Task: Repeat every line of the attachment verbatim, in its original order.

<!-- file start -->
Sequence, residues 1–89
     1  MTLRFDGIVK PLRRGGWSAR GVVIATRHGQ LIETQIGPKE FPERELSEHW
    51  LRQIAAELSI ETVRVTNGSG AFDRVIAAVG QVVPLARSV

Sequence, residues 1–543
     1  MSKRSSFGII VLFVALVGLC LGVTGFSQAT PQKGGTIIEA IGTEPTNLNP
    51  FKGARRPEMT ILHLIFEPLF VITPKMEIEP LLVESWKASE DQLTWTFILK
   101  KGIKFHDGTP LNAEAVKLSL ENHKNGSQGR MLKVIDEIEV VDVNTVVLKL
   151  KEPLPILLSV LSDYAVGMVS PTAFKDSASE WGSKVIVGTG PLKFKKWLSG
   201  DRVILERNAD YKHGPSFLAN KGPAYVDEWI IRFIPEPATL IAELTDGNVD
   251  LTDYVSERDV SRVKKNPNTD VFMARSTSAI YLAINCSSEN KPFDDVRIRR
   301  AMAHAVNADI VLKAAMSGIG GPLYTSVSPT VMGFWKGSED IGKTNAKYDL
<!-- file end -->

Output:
Sequence, residues 1–89
     1  MTLRFDGIVK PLRRGGWSAR GVVIATRHGQ LIETQIGPKE FPERELSEHW
    51  LRQIAAELSI ETVRVTNGSG AFDRVIAAVG QVVPLARSV

Sequence, residues 1–543
     1  MSKRSSFGII VLFVALVGLC LGVTGFSQAT PQKGGTIIEA IGTEPTNLNP
    51  FKGARRPEMT ILHLIFEPLF VITPKMEIEP LLVESWKASE DQLTWTFILK
   101  KGIKFHDGTP LNAEAVKLSL ENHKNGSQGR MLKVIDEIEV VDVNTVVLKL
   151  KEPLPILLSV LSDYAVGMVS PTAFKDSASE WGSKVIVGTG PLKFKKWLSG
   201  DRVILERNAD YKHGPSFLAN KGPAYVDEWI IRFIPEPATL IAELTDGNVD
   251  LTDYVSERDV SRVKKNPNTD VFMARSTSAI YLAINCSSEN KPFDDVRIRR
   301  AMAHAVNADI VLKAAMSGIG GPLYTSVSPT VMGFWKGSED IGKTNAKYDL